Philosopher Zeno said he had only two types of disciples:
The definition is now considered obsolete, but “philology” was for centuries “nearly synonymous with humanistic intellectual life, encompassing not only the study of Greek and Roman literature and the Bible but also all other studies of language and literature, as well as religion, history, culture, art, archaeology, and more. In short, philology was the queen of the human sciences.” – Philology: The Forgotten Origins of the Modern Humanities, James Turner
And of the two types of disciples, the philologists, it should be said, were Zeno’s favorites.
It’s ultimately on us, as the disciples of our own lives, to figure out whether meaning matters to us and, if so, whether we are willing to make the investment to approach life as philologists. To love learning for the sake of learning. To question, to critique, to develop our own thoughts.
We don’t typically learn this from those in positions of authority, who instead ingrain a mindset and demeanor of rote and regurgitation in us when we’re young. “The authority of those who teach is very often a hindrance to those who wish to learn.” (de Montaigne, Essays.) And, unfortunately, many of us will unknowingly carry this on throughout our lives… and eventually extend this to other people in positions of authority – with that authority sometimes only imagined – such as those in our professions.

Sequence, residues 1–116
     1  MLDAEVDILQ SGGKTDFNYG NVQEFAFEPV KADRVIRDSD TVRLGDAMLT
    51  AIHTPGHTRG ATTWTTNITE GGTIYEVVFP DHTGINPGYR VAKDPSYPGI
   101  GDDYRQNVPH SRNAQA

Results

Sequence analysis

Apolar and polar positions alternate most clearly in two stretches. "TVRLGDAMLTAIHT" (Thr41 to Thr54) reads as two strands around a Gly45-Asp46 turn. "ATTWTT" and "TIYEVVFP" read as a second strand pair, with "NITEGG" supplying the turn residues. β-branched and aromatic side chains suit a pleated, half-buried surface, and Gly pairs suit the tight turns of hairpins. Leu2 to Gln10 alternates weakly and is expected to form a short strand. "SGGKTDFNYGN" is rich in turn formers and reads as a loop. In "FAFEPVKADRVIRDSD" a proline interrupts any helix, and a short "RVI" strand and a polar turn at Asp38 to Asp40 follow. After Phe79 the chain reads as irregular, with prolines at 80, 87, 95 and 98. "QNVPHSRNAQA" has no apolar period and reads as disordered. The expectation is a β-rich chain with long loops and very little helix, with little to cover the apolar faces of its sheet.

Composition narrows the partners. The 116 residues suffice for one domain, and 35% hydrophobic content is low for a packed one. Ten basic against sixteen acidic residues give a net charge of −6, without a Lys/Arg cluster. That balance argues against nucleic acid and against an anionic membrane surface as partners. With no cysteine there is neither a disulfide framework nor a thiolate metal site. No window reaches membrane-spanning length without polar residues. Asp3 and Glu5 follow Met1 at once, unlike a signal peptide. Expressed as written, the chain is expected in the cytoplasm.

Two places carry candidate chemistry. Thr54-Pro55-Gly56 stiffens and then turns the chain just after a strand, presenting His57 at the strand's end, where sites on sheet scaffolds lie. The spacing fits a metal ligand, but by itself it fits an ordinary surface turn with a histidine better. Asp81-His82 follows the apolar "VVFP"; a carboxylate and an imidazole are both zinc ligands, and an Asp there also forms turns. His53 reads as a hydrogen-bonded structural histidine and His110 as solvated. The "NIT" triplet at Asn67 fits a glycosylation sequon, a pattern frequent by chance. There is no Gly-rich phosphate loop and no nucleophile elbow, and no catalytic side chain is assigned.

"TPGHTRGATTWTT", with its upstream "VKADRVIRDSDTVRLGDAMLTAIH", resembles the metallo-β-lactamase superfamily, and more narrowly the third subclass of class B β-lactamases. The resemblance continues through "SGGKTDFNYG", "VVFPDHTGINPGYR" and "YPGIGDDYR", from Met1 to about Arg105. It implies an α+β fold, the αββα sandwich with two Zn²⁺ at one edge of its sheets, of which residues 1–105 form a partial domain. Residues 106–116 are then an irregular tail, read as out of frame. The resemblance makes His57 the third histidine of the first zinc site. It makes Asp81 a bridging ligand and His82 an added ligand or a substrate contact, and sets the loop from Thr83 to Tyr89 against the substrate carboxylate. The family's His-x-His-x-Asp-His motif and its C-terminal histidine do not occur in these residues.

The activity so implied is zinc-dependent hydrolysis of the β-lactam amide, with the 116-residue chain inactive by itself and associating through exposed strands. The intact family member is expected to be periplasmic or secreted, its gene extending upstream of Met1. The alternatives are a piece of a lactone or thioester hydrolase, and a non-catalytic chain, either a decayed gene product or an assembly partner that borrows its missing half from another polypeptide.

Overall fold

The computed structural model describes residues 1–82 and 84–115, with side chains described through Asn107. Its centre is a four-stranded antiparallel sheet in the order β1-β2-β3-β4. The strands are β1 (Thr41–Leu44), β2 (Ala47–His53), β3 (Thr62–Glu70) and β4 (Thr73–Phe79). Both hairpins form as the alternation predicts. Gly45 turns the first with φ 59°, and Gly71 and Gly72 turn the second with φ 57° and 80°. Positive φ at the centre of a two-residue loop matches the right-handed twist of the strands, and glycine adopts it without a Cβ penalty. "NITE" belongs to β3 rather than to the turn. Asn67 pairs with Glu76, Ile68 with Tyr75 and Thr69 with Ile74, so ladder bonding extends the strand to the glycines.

And we have to deliberately step out of this learned helplessness. To “sift everything, and take nothing into our head on simple authority or trust.”
To realize that a man “who follows another follows nothing. He finds nothing, and indeed is seeking nothing.” This is not the way we should lead our lives, and not the way we should lead other people.
“Our object is… not to make a grammarian, or a logician, but a gentleman.” We should leave the “grammarians” and the “logicians” – the logophiles – to their time-wasting pursuits. Because “we have business elsewhere.” – Essays, Michel de Montaigne
Our highest endeavor is to serve as our own master. And that means, first and foremost obeying our own principles. And not simply echoing the noises of others. To lead a richly humanistic intellectual life. To exist more meaningfully. To understand.